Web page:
Review of El Sicario by Italian filmmaker Gianfranco Rosi

El Sicario by Gianfranco Rosi

Let’s face it! A film shot in a small motel room with a single character who delivers an 80 minutes long monologue while his head is covered with a black sack does not sound like an exciting thing to watch! Yet behind this extremely boring scene lies an extraordinary story of assassination, torture and redemption. Italian filmmaker Gianfranco Rosi gains rare access to an assassin for the Juarez drug cartels in Mexico. With the help of a pen and a sketch book, the assassin reveals the secrets of drug trafficking between Mexico and the United States.  El Sicario (the hit man) draws how he got involved in drug trafficking, acts how he held and tortured his victims in the small motel room and falls down on his knees as he recalls his moment of redemption; an exceptional journey in the psyche of an extraordinary character who manages to capture your attention without looking you in the eye. If you are fond of Mafia stories then El Sicario is the film for you.  But for those who, like me, are not too keen on such anecdotes, you might find it a bit too long.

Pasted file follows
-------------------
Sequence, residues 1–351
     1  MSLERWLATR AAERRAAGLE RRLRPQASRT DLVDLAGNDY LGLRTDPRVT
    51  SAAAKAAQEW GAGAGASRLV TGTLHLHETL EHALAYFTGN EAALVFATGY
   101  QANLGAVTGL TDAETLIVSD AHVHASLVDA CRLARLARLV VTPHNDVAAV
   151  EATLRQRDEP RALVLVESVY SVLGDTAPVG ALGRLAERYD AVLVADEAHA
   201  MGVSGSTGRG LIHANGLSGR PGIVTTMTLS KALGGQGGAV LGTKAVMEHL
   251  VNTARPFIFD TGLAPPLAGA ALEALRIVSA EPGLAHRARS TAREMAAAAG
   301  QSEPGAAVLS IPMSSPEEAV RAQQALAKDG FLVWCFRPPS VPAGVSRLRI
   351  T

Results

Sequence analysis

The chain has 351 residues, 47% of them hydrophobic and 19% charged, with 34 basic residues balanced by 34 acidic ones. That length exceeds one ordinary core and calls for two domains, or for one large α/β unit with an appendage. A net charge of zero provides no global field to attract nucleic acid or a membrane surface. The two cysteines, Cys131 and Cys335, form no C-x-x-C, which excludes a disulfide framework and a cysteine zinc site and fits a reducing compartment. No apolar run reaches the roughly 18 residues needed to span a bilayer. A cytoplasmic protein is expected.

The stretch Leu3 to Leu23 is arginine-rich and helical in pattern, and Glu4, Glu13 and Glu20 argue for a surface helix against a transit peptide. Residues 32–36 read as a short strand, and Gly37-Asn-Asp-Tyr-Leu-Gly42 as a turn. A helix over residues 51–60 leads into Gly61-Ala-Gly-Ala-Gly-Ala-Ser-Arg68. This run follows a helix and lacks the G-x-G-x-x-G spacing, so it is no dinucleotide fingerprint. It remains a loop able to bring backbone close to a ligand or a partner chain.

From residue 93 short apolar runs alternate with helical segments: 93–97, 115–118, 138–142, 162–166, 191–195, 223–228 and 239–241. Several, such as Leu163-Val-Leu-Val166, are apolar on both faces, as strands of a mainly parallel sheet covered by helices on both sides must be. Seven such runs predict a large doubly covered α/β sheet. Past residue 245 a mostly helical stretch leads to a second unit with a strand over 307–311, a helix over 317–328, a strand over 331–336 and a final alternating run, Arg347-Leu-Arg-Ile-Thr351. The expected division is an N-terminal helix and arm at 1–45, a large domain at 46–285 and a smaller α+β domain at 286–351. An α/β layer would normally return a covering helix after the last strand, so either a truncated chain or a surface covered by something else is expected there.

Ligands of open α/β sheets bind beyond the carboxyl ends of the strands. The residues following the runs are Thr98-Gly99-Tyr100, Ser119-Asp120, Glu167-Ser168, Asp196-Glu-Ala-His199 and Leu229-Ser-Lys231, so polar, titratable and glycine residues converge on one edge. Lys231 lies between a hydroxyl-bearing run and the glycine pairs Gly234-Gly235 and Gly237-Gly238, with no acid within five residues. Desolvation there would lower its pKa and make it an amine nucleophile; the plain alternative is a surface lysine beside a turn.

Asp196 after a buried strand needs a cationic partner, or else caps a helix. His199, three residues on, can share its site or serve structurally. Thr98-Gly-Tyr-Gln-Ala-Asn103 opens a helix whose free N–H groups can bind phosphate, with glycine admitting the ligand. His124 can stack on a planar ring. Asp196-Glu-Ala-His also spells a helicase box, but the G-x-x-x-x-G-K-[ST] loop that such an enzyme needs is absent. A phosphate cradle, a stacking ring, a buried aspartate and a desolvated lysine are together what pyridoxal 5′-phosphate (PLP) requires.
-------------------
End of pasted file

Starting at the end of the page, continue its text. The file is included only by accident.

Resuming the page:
This review was published in Point of View, DOX BOX international documentary film festival’s gazette. 

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